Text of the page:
By Tatiana Darie, Bloomberg Markets Live reporter and strategist
US stocks are at risk of a reckoning — that might already be underway — as Wall Street traders jump the gun to bet that the Federal Reserve will reverse course on its fastest rate hiking cycle on record. It’s a wager that’s burned them repeatedly in the past.
Stocks were making a bullish turn in November — posting their longest daily streak of gains in nearly two years — as traders grew more optimistic that a slowing jobs market will pave the way for interest-rate cuts sooner than anticipated next year, and deeper than officials projected.
But Thursday’s ugly bond auction spoiled the party and bets of a central bank pivot were scaled back after Fed Chair Powell said the central bank won’t hesitate to tighten more if needed. And there’s more losses coming if the recent trend is any guide.
It’s not the first time that traders have prematurely positioned for a dovish turn from the Fed that’s later proved to be nothing more than a figment of investors’ imagination. This time doesn’t look any different. Even as inflation has notably cooled, core inflation remains sticky and price growth is still running above target, policymakers have reiterated.
Let’s revisit the previous times when markets reacted in similar fashion. Deutsche Bank counted at least six other times in this hiking cycle that markets have positioned for a Fed pivot, only to see their hopes dashed later. The so-called ‘pivot’ has evolved from what was first described as a smaller amount of tightening, then slower hikes, later to betting on a pause and now outright cuts.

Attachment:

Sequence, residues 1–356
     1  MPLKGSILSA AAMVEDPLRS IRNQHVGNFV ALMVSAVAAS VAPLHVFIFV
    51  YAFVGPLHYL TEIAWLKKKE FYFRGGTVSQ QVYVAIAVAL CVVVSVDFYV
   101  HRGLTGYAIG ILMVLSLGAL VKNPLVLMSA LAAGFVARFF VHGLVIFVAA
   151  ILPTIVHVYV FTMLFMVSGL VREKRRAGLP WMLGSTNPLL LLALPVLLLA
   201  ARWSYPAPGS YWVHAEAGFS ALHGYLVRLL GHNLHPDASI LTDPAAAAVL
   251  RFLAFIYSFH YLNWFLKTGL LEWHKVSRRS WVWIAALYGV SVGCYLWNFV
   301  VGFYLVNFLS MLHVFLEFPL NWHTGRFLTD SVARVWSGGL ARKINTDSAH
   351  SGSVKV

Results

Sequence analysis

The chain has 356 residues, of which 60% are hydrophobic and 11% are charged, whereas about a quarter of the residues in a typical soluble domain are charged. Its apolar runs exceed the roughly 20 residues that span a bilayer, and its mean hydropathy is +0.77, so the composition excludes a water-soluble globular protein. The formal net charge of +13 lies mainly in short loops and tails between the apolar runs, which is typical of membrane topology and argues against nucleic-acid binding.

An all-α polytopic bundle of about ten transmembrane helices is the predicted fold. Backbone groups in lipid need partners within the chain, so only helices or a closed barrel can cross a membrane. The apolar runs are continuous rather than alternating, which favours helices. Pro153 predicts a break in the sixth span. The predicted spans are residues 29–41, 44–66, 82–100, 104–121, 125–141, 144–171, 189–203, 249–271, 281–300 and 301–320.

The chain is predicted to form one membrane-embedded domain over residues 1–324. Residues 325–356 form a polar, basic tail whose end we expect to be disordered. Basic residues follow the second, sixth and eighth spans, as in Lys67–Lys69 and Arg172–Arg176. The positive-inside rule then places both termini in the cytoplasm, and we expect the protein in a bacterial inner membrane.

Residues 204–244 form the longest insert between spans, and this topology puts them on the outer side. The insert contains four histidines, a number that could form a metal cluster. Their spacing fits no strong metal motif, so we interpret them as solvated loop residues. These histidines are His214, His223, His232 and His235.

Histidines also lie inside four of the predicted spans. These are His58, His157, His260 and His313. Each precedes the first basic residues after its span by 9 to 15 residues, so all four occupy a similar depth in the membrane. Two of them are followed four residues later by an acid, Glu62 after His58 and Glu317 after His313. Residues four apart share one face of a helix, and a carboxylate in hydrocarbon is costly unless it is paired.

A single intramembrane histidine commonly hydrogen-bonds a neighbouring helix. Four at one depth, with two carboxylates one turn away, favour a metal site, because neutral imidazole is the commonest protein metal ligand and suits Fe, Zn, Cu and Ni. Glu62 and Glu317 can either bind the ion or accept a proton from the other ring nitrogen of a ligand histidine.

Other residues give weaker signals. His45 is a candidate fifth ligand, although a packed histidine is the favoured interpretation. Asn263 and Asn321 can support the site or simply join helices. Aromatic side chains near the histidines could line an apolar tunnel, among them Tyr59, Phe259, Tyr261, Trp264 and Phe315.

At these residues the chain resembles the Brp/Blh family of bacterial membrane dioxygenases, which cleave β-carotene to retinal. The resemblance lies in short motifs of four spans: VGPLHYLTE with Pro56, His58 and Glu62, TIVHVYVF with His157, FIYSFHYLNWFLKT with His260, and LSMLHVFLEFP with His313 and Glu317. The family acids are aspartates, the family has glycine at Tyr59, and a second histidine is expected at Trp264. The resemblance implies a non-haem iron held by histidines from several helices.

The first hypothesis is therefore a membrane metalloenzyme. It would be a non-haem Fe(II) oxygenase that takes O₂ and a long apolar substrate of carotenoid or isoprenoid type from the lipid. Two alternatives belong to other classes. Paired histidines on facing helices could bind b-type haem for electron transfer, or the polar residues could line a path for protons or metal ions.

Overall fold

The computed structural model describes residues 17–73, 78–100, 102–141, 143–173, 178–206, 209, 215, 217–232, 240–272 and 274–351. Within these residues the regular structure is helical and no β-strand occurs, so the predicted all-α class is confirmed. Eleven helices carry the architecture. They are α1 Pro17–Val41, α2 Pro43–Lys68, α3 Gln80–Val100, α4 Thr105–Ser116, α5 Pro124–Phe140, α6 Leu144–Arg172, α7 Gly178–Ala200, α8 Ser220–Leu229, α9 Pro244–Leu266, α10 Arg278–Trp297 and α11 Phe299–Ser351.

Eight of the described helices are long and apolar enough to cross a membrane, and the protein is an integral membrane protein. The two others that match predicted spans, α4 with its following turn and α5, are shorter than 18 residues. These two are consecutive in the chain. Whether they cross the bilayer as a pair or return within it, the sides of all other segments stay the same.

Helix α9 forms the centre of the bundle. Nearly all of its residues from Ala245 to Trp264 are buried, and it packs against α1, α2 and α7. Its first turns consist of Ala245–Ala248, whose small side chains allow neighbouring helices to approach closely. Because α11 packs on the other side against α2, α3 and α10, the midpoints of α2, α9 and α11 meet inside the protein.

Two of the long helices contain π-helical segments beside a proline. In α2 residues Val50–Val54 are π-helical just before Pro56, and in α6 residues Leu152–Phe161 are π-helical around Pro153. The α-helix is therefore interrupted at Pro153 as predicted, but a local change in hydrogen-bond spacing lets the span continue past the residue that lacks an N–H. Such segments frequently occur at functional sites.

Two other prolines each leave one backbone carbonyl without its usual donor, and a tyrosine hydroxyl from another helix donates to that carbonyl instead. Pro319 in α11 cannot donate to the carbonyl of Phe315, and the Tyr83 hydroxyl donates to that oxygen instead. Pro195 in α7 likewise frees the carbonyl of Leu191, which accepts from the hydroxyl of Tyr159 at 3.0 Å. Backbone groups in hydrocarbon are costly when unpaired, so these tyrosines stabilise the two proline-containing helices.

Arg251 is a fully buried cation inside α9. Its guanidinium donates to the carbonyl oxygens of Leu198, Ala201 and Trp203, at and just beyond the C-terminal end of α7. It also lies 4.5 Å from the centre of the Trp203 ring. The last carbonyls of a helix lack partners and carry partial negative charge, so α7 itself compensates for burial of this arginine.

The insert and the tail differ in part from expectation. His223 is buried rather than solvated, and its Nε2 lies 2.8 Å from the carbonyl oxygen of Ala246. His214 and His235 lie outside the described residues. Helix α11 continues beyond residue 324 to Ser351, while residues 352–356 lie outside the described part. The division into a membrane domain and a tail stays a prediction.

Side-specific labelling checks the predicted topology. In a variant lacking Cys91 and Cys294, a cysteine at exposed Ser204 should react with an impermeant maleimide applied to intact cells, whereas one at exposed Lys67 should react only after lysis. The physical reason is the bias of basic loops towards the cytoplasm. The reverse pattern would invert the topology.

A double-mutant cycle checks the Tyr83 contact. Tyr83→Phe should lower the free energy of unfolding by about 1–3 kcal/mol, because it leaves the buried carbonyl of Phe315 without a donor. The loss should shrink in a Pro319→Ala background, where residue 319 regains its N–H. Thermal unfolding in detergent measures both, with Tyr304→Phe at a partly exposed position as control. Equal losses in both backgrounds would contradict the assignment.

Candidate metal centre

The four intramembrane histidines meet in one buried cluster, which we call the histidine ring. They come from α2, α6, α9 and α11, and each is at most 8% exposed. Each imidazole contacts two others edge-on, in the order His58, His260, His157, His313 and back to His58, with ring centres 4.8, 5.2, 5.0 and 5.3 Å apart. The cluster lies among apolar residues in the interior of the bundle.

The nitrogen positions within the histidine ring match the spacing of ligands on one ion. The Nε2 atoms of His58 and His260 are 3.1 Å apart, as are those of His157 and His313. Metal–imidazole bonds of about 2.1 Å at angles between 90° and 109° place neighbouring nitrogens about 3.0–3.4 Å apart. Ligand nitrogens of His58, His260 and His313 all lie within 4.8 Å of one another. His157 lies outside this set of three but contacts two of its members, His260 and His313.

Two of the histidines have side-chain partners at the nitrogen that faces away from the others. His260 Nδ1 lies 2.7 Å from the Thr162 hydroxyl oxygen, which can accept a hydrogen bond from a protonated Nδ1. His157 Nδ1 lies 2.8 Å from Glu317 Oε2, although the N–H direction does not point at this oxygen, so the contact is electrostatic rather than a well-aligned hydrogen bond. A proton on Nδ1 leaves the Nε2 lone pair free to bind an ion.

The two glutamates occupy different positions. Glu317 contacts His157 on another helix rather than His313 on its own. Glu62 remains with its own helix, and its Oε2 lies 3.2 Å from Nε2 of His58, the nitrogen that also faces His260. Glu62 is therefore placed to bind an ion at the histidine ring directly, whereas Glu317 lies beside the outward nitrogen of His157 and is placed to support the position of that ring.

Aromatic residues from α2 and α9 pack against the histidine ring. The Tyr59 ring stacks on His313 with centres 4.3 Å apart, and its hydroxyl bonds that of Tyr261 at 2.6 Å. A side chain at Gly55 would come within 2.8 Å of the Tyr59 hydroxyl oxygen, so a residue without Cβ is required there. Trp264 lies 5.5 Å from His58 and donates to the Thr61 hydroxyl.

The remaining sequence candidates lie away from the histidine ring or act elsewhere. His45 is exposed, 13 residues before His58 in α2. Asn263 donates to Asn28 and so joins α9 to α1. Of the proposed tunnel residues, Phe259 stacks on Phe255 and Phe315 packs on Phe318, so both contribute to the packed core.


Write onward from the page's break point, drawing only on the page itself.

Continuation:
Of course, it’s hard to break out the individual drivers of the stock market, as fundamentals and sentiment play a big role. But if one just looks at the equity moves around the rallies resting on the hopes of the dovish pivot that Deutsche Bank described, the S&P 500 went on to fall about 9%, on average, in the weeks that followed (if you take highs and the lows around those rallies).
Rebounding stocks, which have been taking their cues from bonds recently, have also helped loosen financial conditions, which is self-defeating as the Fed might have to tighten again, as various policymakers have suggested.
Talk about rate cuts is premature, said a chorus of central bankers over the past week. Fed speakers acknowledged the softness in the labor market but as Chicago Fed President Austan Goolsbee noted that “is what you would want — is what you would expect.”
At 3.9%, the unemployment rate has already risen above the Fed’s projections for this year, which create some risks. However, leading indicators like unemployment claims and WARN data indicate the slowdown in the labor market may not be too concerning just yet, as MLIV’s Simon White argued.
And while inflation is hovering not far from the Fed’s projections for this year, it’s still not at the central bank’s long-term 2% target. Looking at both six-month and three-month annualized rates for CPI, PCE and their core counterparts, one can see the deceleration in momentum has stalled.
There’s some evidence for investors to hang their hat on as the jobs market softens: “For the doves, they have all the ammunition they need to basically put the hawks in a casket,” Renaissance Macro’s Neil Dutta said on Bloomberg Television.
Nonetheless, the Fed’s own projections imply markets should prepare for more slack in the labor market as well as the economy — and for the Fed to take it in stride until their inflation goal is within reach.